Poppers!

Rollie Pollie Frog Popper

When I decided to take up fly fishing I knew, with no exaggeration, almost nothing about it. No one who knows me will be surprised to learn that I started with the gear: rod lengths, weights and flex, reels, lines, nets, flies, packs… I learned the knots, I learned about hatches, and creeks vs rivers, dry flies vs wet flies vs nymphs. Strangely, I never really thought about the fish. I assumed that fly fishing = trout fishing (and hey!

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What About Wyoming?

What do you think of when you think about Wyoming? Yellowstone, the Tetons, Jackson Hole, maybe the Wind Rivers? All of those exist in the western half of the state. I don’t know for sure, but I imagine the eastern side of Wyoming is nothing but a flat, icy blast of desolation. But what about the rest of that western half? Mountain biking (and camping) on Teton Pass is huge amounts of fun. The Tetons, Yellowstone and Wind Rivers are

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Spooky, Stingy and Educated

Fishing, like a lot of activities, has a certain amount of ritual involved. Sure, you could just go fishing… but wouldn’t it be better to stop at the fly shop and have a word with the fellas? Tell ’em where you’re headed, see what’s fishing well, find out what flies the fish are going for… Part of me always wonders if this is an opportunity to sell off some extra fly inventory, but I do enjoy saying hello to the guys (when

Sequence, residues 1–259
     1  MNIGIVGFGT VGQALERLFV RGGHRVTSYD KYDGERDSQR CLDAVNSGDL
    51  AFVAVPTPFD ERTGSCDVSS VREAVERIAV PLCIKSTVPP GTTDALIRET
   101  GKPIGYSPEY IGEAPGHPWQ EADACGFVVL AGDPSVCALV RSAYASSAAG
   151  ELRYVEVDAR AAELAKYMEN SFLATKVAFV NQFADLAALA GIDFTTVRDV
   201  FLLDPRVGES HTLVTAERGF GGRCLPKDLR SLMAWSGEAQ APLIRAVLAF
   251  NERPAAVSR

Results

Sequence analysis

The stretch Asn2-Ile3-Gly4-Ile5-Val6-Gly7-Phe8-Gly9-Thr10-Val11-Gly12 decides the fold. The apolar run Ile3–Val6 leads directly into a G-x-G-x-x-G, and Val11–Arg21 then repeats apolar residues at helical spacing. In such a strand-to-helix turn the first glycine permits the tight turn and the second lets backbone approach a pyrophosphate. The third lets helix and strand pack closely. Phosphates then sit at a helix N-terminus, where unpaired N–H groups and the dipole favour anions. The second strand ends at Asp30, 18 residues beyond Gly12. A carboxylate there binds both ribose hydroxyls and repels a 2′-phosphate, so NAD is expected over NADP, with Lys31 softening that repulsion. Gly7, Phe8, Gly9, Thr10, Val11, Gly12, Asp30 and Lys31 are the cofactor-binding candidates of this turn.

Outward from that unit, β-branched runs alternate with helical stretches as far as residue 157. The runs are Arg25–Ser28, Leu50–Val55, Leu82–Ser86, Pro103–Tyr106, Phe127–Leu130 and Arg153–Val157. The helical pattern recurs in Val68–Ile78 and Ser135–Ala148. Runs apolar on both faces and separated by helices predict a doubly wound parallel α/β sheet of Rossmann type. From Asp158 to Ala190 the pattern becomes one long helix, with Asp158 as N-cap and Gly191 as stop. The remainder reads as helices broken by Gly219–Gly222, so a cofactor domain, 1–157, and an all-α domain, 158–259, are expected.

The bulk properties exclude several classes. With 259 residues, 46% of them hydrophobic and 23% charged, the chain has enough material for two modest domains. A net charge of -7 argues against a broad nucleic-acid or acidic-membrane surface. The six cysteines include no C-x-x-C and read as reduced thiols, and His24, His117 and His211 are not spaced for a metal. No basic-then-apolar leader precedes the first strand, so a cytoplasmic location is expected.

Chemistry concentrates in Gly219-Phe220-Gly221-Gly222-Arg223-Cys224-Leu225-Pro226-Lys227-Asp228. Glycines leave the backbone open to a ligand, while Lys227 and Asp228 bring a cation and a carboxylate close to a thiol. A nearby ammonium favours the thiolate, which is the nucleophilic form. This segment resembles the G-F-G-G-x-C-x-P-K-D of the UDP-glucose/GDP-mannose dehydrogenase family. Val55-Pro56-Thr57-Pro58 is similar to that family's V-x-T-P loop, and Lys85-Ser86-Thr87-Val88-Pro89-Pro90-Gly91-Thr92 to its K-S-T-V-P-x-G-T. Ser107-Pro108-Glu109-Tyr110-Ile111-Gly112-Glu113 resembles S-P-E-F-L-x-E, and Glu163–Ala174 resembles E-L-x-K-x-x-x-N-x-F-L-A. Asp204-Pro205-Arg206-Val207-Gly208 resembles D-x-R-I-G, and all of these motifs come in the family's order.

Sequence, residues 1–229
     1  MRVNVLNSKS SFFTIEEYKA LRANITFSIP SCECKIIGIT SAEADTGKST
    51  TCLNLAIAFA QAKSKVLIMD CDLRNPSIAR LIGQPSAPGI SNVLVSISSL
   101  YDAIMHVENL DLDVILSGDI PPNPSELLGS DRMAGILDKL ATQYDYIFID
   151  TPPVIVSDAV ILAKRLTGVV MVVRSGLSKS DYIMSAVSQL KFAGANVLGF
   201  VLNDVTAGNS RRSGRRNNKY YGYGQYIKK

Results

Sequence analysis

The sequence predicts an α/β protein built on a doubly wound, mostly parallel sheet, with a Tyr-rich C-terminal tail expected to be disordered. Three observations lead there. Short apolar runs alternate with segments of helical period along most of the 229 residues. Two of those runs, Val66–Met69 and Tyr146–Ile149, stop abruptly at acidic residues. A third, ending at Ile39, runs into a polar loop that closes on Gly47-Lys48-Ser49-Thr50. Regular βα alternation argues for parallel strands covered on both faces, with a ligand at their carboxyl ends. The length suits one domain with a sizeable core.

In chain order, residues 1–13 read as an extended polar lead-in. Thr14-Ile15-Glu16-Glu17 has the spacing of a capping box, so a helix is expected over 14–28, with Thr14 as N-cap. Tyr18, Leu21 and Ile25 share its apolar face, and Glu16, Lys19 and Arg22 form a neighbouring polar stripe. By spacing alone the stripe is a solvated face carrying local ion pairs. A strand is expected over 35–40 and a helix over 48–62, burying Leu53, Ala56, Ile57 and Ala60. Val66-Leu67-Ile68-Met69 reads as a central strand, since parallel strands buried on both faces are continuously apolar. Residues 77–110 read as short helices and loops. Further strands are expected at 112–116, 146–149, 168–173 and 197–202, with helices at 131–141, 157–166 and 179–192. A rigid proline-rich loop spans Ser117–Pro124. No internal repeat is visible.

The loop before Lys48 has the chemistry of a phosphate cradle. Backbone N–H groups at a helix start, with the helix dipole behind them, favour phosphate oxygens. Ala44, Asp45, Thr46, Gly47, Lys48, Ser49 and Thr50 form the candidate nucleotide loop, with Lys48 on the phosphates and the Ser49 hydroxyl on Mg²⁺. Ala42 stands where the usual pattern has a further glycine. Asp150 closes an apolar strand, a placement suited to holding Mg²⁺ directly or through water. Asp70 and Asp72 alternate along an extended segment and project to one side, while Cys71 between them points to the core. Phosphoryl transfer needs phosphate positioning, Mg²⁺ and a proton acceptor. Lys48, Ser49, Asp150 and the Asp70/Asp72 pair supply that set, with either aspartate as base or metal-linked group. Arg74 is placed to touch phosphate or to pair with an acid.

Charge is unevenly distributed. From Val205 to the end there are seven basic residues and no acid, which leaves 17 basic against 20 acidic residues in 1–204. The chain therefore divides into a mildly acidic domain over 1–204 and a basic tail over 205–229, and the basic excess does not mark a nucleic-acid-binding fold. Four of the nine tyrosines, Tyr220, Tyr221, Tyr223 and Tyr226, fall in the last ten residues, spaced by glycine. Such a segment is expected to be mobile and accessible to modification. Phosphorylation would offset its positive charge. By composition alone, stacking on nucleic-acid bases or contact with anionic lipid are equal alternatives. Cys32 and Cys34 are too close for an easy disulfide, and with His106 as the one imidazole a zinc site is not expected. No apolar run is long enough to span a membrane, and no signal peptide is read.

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Hams Fork/Smith’s Fork Fly Fishing Trip Report

Turns out there are a whole lot of fishable rivers in Wyoming. Hams Fork and Smith’s Fork rivers are both in classic Wyoming river valleys: wide open, short on trees, covered with sage brush and cow pies. Also very few people, which makes for a perfect weekend retreat when you need some solitude and quiet nights away from the city. Fishing in Hams Fork is a lesson in rolling with the punches. Even though there was no one around, all the

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